35 Result(s) Page 1 of 4 Items Sort by
Type: acdh:TopCollection
today Available Date: 3 Feb 2023
Show Summary Hide Summary
info This collection contains TEI-XML descriptions of roughly 800 items kept in the archives and library of Melk Abbey (AT) as well as about 50.000 image files of those documents. These items - letters, manuscripts, copies, notes - document the scholarly work of the two Benedictine historians Bernhard (+1735) and Hieronymus (+1762) Pez.
Type: acdh:TopCollection
today Available Date: 23 Dec 2022
Show Summary Hide Summary
info Wienerisches DIGITARIUM is a digital collection of more than 300 transcribed full text issues of the “Wien[n]erisches Diarium”, a historical newspaper that was founded in Vienna in 1703 and is still published under the title “Wiener Zeitung”. The issues provided as facsimiles and in XML/TEI P5 including different layers of annotation are evenly distributed over the 18th century and offer a reliable basis for a wide range of research interests.
The collection was created within the project “Das Wien[n]erische Diarium: Digitaler Datenschatz für die geisteswissenschaftlichen Disziplinen“ (PI: Claudia Resch) which was funded by the “go!digital2.0” program of the Austrian Academy of Sciences and carried out at the Austrian Centre for Digital Humanities and Cultural Heritage (ACDH-CH) from 1 March 2017 to 29 February 2020 (Project-Nr. GD 2016/16, ÖAW 0704).
Type: acdh:TopCollection
today Available Date: 29 Nov 2022
Show Summary Hide Summary
info The Tell el-Daba Documentation Archive is a digital archive for resources from the Austrian long-term fieldwork project in Tell el-Daba, Egypt. The archive was created within the framework of the project `A Puzzle in 4D´ (Austrian Fund for Research, Technology & Development (DH 2014/12)), in which the documentation materials available at the Institute for Oriental and European Archaeology (OREA) at the Austrian Academy of Sceinces (ÖAW) were prepared for digital archiving. Further documentation is available at the Austrian Archaeological Institute (ÖAI) in Cairo and at the ÖAI in Vienna. The archive forms the basis for the archiving of further documents, which will result from future projects.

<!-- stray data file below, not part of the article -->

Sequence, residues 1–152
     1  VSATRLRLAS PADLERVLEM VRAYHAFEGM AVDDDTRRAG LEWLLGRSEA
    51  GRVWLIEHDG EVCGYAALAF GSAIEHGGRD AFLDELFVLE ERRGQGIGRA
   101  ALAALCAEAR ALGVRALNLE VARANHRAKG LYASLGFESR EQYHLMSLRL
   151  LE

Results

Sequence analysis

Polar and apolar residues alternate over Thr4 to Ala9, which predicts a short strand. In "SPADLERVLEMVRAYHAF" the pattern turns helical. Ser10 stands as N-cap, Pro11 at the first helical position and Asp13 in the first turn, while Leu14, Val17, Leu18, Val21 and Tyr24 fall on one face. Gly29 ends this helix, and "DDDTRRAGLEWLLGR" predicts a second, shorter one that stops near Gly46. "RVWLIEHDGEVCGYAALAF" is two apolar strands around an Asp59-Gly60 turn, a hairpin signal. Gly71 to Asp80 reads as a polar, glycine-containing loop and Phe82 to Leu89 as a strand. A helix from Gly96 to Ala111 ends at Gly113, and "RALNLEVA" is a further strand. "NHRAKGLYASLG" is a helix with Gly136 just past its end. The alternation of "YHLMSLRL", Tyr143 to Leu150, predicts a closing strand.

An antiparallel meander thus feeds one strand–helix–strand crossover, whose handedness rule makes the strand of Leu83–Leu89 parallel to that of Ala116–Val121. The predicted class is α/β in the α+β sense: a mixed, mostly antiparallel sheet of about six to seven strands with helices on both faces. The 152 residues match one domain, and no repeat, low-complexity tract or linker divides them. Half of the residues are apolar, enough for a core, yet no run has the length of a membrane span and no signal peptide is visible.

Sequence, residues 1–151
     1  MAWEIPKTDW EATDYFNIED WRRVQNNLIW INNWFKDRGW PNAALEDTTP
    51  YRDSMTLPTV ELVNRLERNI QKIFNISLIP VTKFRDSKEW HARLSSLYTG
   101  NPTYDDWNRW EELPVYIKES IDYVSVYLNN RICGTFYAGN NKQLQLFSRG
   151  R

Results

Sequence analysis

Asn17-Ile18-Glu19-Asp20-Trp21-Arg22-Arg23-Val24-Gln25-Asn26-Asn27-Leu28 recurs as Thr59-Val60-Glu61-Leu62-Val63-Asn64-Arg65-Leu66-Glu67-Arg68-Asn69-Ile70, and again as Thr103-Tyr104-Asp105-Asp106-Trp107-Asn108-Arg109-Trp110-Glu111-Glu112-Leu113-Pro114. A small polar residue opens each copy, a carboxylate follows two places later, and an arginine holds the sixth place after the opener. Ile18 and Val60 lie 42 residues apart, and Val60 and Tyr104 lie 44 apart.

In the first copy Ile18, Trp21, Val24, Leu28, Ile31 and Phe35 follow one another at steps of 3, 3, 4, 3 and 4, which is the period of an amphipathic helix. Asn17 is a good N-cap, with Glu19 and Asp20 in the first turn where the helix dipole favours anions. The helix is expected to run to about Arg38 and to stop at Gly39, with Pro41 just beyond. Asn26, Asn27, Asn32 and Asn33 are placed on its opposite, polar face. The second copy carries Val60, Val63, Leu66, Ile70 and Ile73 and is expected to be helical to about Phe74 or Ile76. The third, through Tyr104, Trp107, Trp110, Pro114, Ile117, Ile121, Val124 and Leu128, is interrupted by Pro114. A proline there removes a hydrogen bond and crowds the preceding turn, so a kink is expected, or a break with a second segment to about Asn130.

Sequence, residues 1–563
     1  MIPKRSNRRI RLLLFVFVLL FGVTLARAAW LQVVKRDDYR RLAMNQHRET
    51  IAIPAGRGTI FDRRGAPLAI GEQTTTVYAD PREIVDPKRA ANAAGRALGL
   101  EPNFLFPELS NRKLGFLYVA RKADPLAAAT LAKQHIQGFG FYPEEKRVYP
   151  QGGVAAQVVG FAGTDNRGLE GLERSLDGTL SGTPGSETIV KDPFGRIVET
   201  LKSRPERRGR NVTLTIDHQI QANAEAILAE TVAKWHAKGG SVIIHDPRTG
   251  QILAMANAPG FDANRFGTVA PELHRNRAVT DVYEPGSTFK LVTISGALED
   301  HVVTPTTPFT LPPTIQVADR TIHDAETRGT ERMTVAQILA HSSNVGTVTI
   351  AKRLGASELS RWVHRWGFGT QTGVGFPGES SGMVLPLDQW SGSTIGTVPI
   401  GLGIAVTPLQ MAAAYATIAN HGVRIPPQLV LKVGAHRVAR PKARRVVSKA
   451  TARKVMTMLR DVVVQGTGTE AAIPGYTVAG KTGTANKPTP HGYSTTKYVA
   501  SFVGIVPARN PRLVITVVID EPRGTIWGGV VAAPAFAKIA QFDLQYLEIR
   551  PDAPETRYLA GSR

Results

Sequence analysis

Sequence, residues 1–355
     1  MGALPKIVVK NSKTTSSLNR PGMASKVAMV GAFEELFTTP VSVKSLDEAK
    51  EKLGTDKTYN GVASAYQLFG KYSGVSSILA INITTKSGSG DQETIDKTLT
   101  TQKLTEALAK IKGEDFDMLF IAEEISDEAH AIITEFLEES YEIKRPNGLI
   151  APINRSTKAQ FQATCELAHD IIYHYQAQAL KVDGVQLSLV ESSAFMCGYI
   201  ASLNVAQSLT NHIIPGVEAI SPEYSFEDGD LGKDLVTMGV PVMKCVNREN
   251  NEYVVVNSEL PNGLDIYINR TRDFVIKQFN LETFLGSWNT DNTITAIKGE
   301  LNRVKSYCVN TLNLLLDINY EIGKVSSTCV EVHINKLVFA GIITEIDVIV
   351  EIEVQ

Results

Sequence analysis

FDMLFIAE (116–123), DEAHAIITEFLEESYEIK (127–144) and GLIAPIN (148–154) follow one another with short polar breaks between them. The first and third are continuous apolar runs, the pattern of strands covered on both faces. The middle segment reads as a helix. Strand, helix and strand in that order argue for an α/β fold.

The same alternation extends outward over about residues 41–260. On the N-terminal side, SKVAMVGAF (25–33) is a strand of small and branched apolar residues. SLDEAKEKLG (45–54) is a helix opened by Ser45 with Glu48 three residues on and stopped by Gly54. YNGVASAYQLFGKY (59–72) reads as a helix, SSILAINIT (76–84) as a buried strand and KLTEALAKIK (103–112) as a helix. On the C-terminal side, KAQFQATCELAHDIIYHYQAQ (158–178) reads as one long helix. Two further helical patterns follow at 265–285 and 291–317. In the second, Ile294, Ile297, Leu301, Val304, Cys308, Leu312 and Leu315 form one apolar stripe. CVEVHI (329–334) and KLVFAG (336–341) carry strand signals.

The excavations in Tell el-Daba, Egypt, from 1966 to today (with a brief break due to the Arab-Israeli war of 1970-1975) were carried out by the ÖAI under the direction of Manfred Bietak and his successor Irene Forstner-Müller. Field investigations took place in nine different areas, which revealed a continuous stratigraphy from the early Middle Kingdom to the New Kingdom (around 1980/70 - 1410 BC).

The Tell el-Daba archive consists of four parts:
• AboutThisArchive_Archivinformation_E73
Contains documents with instructions for how to use the archive, as well as documentation material from the creation of the archive. It also includes instructions for datamanagement for future projects on Tell el-Daba.

• PhysicalFeature_Befunde_S20
Contains documents on the archaeological evidence (‘archaeological objects’), arranged according to areas A-I to R-I, and with one folder containing documents on several areas. Documents include protocols and databases, drawings and maps, documentation of surveys, prospection and analysis.

• MobileObjects_Funde_E19
This folder contains documents about the finds (inventory books, find sheets, databases, tables, fotos, drawings, wall paintings, analysis).